Between January 27 and May 4, 2008 an exhibition entitled "The Texaco Road Map Project" appeard at the Queens Museum of Art, displaying the Long Island tiles which had been removed for restoration and documenting the conservation process. The exhibit elaborated on project findings through text and images, and also gave visitors the opportunity to observe the conservation work from a uniquely close angle as conservators worked on the restoration within the museum's galleries.

From the Museum's website:

"The Texaco Road Map Project aims to inform and engage the public about the significance of this historic gem. A culmination of conservation activities by the City of New York Department of Parks & Recreation in collaboration with the University of Pennsylvania School of Design Graduate Program in Historic Preservation, the exhibition at the Queens Museum of Art will feature restored sections of the Road Map and elaborate the project findings through text panels and an interactive website. The Museum will also exhibit the process by allowing visitors to view the restoration from a uniquely close angle: they will have the opportunity to observe one of the conservators as they work on the restoration within the museum's galleries."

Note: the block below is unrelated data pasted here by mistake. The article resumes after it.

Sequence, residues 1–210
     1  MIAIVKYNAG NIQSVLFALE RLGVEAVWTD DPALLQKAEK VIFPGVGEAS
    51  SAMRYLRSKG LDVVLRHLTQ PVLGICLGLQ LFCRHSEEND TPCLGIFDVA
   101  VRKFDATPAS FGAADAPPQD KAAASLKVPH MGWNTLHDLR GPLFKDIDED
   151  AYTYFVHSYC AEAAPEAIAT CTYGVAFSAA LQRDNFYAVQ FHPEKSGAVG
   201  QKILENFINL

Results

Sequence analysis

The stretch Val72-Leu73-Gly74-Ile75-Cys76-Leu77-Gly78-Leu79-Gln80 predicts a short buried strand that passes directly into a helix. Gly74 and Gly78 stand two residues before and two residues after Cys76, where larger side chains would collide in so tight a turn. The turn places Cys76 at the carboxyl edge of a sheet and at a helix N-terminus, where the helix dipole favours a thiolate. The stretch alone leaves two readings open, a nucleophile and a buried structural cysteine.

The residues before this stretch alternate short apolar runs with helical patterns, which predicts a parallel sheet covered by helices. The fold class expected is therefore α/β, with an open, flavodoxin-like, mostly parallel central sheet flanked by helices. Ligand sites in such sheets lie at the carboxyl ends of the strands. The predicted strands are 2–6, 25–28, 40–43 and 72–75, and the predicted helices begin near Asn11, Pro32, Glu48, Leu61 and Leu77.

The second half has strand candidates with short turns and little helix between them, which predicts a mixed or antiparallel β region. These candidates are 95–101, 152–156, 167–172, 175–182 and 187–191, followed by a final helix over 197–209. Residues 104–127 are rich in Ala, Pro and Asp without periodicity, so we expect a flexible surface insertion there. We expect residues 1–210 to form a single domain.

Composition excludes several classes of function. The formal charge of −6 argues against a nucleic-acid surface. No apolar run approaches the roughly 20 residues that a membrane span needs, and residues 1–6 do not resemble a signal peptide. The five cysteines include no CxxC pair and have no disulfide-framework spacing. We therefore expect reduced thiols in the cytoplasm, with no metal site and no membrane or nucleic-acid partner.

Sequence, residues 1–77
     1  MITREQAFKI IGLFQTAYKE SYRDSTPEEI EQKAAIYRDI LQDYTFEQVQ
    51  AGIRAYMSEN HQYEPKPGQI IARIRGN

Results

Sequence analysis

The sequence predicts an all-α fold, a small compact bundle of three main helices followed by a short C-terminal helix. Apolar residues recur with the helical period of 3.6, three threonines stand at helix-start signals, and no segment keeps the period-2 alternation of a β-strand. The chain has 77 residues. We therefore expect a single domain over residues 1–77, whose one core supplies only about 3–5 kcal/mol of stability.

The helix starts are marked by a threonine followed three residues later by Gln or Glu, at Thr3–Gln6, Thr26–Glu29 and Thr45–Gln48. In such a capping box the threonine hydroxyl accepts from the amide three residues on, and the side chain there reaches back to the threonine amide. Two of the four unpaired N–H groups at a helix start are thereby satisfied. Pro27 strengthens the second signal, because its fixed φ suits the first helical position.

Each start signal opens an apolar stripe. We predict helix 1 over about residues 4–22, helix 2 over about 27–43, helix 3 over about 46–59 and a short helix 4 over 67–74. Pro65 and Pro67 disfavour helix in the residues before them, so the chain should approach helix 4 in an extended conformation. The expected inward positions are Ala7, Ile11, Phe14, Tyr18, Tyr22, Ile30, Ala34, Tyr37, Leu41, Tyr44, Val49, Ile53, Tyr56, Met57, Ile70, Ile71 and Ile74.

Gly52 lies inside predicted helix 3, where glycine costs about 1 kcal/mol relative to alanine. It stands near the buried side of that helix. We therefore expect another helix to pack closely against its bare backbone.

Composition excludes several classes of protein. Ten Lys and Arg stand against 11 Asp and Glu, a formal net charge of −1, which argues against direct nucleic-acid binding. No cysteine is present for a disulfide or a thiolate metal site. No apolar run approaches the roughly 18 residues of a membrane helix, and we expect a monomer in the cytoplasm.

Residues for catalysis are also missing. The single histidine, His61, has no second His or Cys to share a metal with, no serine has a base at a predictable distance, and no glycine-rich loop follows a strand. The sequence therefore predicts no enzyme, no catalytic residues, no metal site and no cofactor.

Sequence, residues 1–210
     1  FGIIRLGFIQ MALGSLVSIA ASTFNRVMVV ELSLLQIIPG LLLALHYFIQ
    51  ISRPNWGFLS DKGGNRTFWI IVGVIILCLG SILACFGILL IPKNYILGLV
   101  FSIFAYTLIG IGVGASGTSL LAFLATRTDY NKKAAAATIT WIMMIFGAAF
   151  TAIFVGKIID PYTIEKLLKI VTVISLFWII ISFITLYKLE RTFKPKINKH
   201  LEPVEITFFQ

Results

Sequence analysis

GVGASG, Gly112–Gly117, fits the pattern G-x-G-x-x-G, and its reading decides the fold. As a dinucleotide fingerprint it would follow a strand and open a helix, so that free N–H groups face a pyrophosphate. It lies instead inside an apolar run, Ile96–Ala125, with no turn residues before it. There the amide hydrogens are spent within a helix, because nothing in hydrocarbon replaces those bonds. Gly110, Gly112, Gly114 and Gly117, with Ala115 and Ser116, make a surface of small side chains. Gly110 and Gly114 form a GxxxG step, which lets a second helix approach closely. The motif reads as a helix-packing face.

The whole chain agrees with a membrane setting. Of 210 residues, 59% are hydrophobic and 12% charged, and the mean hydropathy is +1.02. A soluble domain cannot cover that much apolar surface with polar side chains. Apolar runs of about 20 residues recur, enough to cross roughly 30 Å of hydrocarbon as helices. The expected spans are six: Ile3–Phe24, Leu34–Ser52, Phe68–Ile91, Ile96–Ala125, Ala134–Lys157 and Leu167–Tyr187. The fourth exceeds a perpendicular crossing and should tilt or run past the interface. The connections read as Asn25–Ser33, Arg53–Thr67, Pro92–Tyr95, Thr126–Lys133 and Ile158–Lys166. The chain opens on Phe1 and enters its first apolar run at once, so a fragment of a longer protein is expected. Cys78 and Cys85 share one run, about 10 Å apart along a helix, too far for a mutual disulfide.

Located next door to the New York State Pavillion, the Queens Museum of Art is located in the New York City Building, originally constructed for the 1939 World's Fair and later temporary home of the United Nations General Assembly. The museum also houses the Panorama of the City of New York, commissioned for the 1964 Fair, and reportedly the largest architectural scale model in the world